Objects That Speak: BayArt Exhibition

‘In my studio I work surrounded by things: wire which reminds me of hair, real hair and synthetic; horse- hair, sheep’s wool. Muslin, felt, rope paper: all sorts really. These are works in their early stages, works halfway made, works abandoned and left for a while. Very occasionally, in a cleaned-up space there is a final, finished work attached to a wall, or attached to the floor, or attached to the ceiling.’ – Lois Williams

Exhibition at BayArt by Lois William and Mary Husted. Both artists share an interest in the land and landscape, and a feeling for fragility, tonal range and layering as process and meaning. Mary Husted’s work is strongly located within drawing, while Lois Williams’ incorporates installation, sculpture, as well as drawing.

I particularly liked Lois’ wall of objects of a wabi sabi nature, seemingly rooted in the Welsh landscape. Some of the objects the artist has shaped into hive or nest-like structures, some being of a found quality. They are intriguing and totemic, each with a story, often with echoes of myth, yet also seeming to ‘speak’ to each other across the installation.

 

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Lois William’s wall of objects of various media: From Afar

 

 

I was also drawn to Mary Husted’s boxes containing sometimes a single item such as a feather or collage, and mirrors that refracted them into different forms. The experience of having to peer into the enclosed space evoked a sense of the curiosity of childhood, contemplation of the nature of perception and reality/illusion in interior landscapes.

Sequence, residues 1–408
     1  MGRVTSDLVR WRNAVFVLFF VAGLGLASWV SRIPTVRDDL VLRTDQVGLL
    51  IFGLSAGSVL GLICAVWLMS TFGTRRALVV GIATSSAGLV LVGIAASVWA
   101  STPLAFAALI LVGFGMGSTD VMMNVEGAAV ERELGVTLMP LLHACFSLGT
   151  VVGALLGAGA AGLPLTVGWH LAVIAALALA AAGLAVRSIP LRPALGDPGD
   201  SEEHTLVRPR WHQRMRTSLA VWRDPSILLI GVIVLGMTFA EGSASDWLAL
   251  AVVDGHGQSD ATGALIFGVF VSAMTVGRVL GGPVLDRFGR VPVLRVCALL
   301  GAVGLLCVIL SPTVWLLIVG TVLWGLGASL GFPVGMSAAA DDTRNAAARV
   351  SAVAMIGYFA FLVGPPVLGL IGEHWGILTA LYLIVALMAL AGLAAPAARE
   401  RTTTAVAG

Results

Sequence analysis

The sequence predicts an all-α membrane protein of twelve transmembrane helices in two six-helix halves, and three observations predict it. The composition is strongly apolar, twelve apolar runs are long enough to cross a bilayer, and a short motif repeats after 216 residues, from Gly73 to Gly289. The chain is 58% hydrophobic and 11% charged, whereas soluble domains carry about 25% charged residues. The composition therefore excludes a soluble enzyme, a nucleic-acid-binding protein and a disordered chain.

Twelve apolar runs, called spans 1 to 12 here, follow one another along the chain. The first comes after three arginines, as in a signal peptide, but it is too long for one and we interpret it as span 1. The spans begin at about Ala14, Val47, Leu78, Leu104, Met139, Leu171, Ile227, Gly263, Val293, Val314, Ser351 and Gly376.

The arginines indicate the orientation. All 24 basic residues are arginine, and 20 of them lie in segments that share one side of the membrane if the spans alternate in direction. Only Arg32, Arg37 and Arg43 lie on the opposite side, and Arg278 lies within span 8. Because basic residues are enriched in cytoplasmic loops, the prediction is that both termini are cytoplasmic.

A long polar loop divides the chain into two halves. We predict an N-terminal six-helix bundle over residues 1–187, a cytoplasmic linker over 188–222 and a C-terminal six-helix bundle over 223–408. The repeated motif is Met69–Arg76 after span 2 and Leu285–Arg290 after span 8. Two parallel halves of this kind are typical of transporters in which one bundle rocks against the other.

Below: Mary Husted’s triptych ‘But for a day’, with interior views.

 

 

 

 

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Mary Husted’s Off the Page: Askance

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Mary Husted’s Off the Page mixed media collection, and below: Winter book (Chinese folding book).

 

“My work on the Open Books project has brought me in touch with artists from very different traditions. From the Chinese I have learned a new understanding of positive and negative space and a reverence for the accidental mark. This has fed into my own work and helped me to develop what I call the calligraphy of the ‘found’ or ‘given’ mark. Many of these marks are rubbings from the natural environment. Fragments of these together with drawn ‘made’ marks are combined to roam across pages to hint at rather than to depict the world around me.” – Mary Husted

Lois William’s enigmatic collection of water colours on paper ‘The Dog, the rat’, brought to mind the chance markings of Rebecca Horn in her book ‘Tailleur du Coeur’, a body of etchings sometimes rendered in coffee and wine accompanied by sixteen short texts that seem to describe some sensual encounter between objects and/or body parts and the world beyond.

 

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